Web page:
The Chung Collection

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The Chung Collection

Report of select committee Government of British Columbia 1879

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Your Committee appointed to draft a Report upon the Chinese Question, beg to
state that, in the absence of any statistical information on the subject, they have felt
some embarrassment in dealing with it.
There are various opinions as to the number of Chinese in the Province, but 6,000
is within the mark.
The acknowledged strong and growing antipathy to their presence in the community is attributable to several causes, of which the following would appear to be the
most prominent:—
1st. Their moral and social condition is degraded in the extreme. A large majority
of the men are in a state of semi-bondage, if not of absolute slavery, while all the
women are prostitutes and are daily bought and sold as such. A state of marriage is
unknown amongst them; hence the influence exerted upon society by such wholesale
vice cannot be otherwise than highly pernicious, as no attempt is even made at concealment.
2nd. They are also undesirable settlers as they are wholly opposed to any assimilation or amalgamation of races or to becoming a portion of the permanent population
of the country. The wealth gradually acquired by them is from time to time transmitted to China, and the Province is impoverished to the extent of and in an inverse
ratio to their gains.
3rd. Their system of Coolie labour defies competition, as the low rate of wages paid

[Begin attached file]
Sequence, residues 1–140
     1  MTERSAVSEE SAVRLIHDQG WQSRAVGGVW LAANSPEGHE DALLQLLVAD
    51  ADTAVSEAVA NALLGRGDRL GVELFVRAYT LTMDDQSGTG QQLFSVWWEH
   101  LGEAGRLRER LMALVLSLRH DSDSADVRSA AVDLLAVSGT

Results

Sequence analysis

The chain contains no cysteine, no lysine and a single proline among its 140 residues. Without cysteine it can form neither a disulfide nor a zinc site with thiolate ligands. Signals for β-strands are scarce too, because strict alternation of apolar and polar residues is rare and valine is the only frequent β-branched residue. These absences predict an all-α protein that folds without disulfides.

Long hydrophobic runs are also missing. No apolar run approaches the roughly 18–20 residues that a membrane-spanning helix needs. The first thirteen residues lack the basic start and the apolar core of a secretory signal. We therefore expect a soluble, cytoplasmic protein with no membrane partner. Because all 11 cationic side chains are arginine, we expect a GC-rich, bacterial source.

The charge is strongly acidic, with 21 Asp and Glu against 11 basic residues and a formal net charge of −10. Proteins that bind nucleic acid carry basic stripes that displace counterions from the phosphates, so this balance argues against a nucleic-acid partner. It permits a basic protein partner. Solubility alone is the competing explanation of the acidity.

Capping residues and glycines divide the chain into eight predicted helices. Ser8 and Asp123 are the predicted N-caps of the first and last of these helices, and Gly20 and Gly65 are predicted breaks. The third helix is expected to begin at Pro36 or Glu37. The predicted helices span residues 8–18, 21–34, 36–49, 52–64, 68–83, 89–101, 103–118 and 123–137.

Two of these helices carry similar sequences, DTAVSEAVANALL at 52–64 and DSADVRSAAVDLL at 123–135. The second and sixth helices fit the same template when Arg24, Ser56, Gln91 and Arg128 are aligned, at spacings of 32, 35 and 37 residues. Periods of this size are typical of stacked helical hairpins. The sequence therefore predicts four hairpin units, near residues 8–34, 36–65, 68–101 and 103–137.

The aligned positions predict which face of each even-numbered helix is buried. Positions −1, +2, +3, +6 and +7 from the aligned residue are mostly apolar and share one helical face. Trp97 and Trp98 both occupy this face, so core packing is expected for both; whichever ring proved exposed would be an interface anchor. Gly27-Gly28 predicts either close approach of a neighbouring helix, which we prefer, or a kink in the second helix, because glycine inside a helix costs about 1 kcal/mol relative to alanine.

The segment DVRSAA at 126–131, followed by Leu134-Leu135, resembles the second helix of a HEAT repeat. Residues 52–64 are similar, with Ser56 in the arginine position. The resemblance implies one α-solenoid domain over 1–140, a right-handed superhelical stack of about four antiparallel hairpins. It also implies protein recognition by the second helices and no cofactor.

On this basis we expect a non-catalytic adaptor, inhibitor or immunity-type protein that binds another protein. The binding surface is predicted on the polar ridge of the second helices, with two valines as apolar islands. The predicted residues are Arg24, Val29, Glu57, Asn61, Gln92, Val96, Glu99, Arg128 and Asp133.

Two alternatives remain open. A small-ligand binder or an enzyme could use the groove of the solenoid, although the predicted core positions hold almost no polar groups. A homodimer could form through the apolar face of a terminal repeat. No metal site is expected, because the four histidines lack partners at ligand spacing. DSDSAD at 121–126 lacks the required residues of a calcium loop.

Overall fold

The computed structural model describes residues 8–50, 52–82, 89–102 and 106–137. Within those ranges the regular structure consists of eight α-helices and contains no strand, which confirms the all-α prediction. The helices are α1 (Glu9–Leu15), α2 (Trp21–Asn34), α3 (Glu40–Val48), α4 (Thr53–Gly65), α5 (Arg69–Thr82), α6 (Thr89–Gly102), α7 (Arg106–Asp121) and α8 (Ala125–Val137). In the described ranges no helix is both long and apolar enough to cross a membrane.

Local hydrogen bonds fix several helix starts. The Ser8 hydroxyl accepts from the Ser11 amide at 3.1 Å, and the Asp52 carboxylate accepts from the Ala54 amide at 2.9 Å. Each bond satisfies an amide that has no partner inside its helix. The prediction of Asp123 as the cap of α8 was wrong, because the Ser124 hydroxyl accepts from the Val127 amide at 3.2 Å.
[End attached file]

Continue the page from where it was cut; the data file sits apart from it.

is insufficient to support ordinary labouring classes, hence the Chinese are gradually
monopolizing and controlling many industries which have hitherto afforded employment
to the permanent population of the Province. This fact is not alone calculated to drive
many valuable settlers elsewhere, but is likely to seriously discourage desirable immigrants from coming to the Province.
4th. It is well known from experience that slave labour has a degrading effect
wherever it exists, as it causes an unconquerable and not unreasonable prejudice
on the part of the free members of a community against engaging in any work similar
to that performed by the Coolies in their midst.
The great groups of. Colonies constituting the Australias and New Zealand, are now
unitedly moving the Home Government to aid them in restricting, if not in stopping, the
further influx of Chinese to their shores. The Committee would recommend that
advantage be taken of this circumstance, and that the Dominion Government bo respectfully requested to co-operate with the other Colonies of Her Majesty's Empire, and add
its powerful influence with a view of securing the object mutually aimed at, namely the
restriction of further (Chinese immigration to British Columbia, as well as to the Colonies
referred to.
Geo. A. Walkem,
VICTORIA : Printed by Richard Wolfendkn, Government Printer,
at the Government Printing Office, James' Bay.


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